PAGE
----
Artificial Kidney Prototype To Be Implantable

An artificial kidney prototype has been developed at the University of California San Francisco; the intent is to use a combination of tissue engineering and MEMS (microelectromechanical systems) technology to create a device that could actually be implanted within the body.


(Artificial kidney diagram)

The device, which would include thousands of microscopic filters as well as a bioreactor to mimic the metabolic and water-balancing roles of a real kidney, is being developed in a collaborative effort by engineers, biologists and physicians nationwide, led by Shuvo Roy in the UCSF Department of Bioengineering and Therapeutic Sciences. The treatment has been proven to work for the sickest patients using a room-sized external model developed by a team member in Michigan. Roy's goal is to apply silicon fabrication technology, along with specially engineered compartments for live kidney cells, to shrink that large-scale technology into a device the size of a coffee cup. The device would then be implanted in the body without the need for immune suppressant medications, allowing the patient to live a more normal life...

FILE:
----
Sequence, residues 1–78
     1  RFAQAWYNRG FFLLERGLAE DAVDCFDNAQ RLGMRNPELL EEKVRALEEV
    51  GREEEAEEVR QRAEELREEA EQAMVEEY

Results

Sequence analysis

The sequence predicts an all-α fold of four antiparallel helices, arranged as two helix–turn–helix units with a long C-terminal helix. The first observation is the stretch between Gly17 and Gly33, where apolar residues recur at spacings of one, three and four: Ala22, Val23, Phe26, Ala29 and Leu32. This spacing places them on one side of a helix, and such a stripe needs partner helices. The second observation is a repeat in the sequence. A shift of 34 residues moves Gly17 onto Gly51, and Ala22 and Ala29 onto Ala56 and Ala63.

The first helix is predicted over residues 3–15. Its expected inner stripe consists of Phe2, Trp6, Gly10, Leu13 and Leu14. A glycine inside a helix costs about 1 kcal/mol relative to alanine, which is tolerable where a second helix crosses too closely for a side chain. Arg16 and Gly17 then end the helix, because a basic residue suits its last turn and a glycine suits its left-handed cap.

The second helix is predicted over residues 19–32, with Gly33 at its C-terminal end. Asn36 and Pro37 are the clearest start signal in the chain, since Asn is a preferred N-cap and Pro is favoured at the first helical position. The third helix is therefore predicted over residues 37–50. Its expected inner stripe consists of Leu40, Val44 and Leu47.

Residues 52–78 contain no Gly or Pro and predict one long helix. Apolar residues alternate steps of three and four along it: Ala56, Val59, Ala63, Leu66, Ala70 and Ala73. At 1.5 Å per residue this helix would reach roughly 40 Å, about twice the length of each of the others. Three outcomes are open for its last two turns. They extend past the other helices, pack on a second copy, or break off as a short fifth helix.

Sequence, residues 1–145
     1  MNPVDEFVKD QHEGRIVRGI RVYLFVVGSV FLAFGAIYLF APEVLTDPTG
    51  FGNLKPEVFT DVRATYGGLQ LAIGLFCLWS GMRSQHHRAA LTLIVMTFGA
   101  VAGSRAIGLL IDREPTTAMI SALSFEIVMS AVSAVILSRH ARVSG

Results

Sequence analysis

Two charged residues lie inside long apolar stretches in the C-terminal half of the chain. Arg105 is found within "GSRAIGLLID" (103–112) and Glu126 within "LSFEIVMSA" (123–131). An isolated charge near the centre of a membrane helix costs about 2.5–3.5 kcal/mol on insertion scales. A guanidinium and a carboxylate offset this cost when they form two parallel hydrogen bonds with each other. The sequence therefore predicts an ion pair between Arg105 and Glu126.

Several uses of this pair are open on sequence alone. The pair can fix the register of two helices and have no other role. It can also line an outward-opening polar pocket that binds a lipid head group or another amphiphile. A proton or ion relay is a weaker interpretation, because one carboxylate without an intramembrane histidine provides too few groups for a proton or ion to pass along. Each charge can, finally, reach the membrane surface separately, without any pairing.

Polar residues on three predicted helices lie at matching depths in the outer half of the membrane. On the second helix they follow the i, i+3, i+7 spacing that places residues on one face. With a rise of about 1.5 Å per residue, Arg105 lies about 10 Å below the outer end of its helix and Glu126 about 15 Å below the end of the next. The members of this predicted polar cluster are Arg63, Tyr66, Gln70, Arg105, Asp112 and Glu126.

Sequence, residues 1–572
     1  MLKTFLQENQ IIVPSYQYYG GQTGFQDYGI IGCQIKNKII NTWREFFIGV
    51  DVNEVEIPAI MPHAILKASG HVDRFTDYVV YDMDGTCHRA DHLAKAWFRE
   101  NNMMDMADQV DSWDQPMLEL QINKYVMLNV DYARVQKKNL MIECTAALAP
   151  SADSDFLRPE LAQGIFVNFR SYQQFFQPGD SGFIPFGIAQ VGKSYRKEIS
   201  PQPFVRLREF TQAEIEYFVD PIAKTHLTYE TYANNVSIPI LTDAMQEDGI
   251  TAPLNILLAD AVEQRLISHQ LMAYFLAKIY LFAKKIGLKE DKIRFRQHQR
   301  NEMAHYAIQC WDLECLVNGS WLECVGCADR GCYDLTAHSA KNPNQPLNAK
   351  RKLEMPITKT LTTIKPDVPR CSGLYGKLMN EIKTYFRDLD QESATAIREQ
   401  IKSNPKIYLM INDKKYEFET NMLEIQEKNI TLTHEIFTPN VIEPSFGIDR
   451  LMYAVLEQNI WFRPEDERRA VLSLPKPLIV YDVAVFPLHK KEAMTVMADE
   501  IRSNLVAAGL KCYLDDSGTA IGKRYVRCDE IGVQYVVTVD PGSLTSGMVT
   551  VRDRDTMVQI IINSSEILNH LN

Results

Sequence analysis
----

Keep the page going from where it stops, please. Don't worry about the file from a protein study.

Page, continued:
The team has established the feasibility of an implantable model in animal models and plans to be ready for clinical trials in five to seven years...

The two-stage system uses a hemofilter to remove toxins from the blood, while applying recent advances in tissue engineering to grow renal tubule cells to provide other biological functions of a healthy kidney. The process relies on the body's blood pressure to perform filtration without needing pumps or an electrical power supply.

Philip K. Dick made use of the idea of wholly mechanical artificial organs in his 1964 novel Cantata 140:

George Walt's corporate existence proved the workability of wholly mechanical organs...

"...if they keep after me, or if they won't make a deal regarding artif-org construction - then it'll be necessary to do something.
(Read more about Philip K. Dick's artif-orgs)

In his 1969 masterpiece Ubik, Dick removed the dash and called them artiforgs. Via MedGadget.

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